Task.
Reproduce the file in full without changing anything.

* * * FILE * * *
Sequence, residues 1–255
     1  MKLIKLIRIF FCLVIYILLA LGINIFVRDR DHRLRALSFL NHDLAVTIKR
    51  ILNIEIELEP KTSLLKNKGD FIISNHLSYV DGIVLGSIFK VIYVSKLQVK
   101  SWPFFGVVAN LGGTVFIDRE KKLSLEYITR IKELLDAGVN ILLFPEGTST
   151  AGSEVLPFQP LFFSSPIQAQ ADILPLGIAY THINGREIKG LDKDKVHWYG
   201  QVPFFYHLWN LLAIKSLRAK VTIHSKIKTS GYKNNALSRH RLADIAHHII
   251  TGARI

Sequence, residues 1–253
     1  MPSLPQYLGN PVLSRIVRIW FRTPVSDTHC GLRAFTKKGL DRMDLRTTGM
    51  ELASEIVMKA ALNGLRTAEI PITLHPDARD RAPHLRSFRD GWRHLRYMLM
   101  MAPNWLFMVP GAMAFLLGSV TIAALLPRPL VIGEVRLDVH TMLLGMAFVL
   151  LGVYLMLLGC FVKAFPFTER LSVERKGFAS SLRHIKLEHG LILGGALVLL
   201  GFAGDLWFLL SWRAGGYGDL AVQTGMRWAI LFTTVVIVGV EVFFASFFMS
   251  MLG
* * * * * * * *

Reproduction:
Sequence, residues 1–255
     1  MKLIKLIRIF FCLVIYILLA LGINIFVRDR DHRLRALSFL NHDLAVTIKR
    51  ILNIEIELEP KTSLLKNKGD FIISNHLSYV DGIVLGSIFK VIYVSKLQVK
   101  SWPFFGVVAN LGGTVFIDRE KKLSLEYITR IKELLDAGVN ILLFPEGTST
   151  AGSEVLPFQP LFFSSPIQAQ ADILPLGIAY THINGREIKG LDKDKVHWYG
   201  QVPFFYHLWN LLAIKSLRAK VTIHSKIKTS GYKNNALSRH RLADIAHHII
   251  TGARI

Sequence, residues 1–253
     1  MPSLPQYLGN PVLSRIVRIW FRTPVSDTHC GLRAFTKKGL DRMDLRTTGM
    51  ELASEIVMKA ALNGLRTAEI PITLHPDARD RAPHLRSFRD GWRHLRYMLM
   101  MAPNWLFMVP GAMAFLLGSV TIAALLPRPL VIGEVRLDVH TMLLGMAFVL
   151  LGVYLMLLGC FVKAFPFTER LSVERKGFAS SLRHIKLEHG LILGGALVLL
   201  GFAGDLWFLL SWRAGGYGDL AVQTGMRWAI LFTTVVIVGV EVFFASFFMS
   251  MLG